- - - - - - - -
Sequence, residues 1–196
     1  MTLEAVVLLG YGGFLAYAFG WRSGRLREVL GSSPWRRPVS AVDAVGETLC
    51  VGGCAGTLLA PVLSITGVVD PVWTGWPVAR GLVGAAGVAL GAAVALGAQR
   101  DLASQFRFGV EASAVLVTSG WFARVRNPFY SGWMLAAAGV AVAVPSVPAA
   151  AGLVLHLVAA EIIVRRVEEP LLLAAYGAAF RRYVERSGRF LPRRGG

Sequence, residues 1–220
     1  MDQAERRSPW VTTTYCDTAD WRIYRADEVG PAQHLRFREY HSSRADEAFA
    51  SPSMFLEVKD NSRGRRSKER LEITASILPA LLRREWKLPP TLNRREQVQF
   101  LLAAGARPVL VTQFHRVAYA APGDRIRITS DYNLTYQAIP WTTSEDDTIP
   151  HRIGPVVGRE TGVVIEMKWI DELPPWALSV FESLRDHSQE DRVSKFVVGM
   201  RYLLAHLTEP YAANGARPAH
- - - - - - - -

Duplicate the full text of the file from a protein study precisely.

Sequence, residues 1–196
     1  MTLEAVVLLG YGGFLAYAFG WRSGRLREVL GSSPWRRPVS AVDAVGETLC
    51  VGGCAGTLLA PVLSITGVVD PVWTGWPVAR GLVGAAGVAL GAAVALGAQR
   101  DLASQFRFGV EASAVLVTSG WFARVRNPFY SGWMLAAAGV AVAVPSVPAA
   151  AGLVLHLVAA EIIVRRVEEP LLLAAYGAAF RRYVERSGRF LPRRGG

Sequence, residues 1–220
     1  MDQAERRSPW VTTTYCDTAD WRIYRADEVG PAQHLRFREY HSSRADEAFA
    51  SPSMFLEVKD NSRGRRSKER LEITASILPA LLRREWKLPP TLNRREQVQF
   101  LLAAGARPVL VTQFHRVAYA APGDRIRITS DYNLTYQAIP WTTSEDDTIP
   151  HRIGPVVGRE TGVVIEMKWI DELPPWALSV FESLRDHSQE DRVSKFVVGM
   201  RYLLAHLTEP YAANGARPAH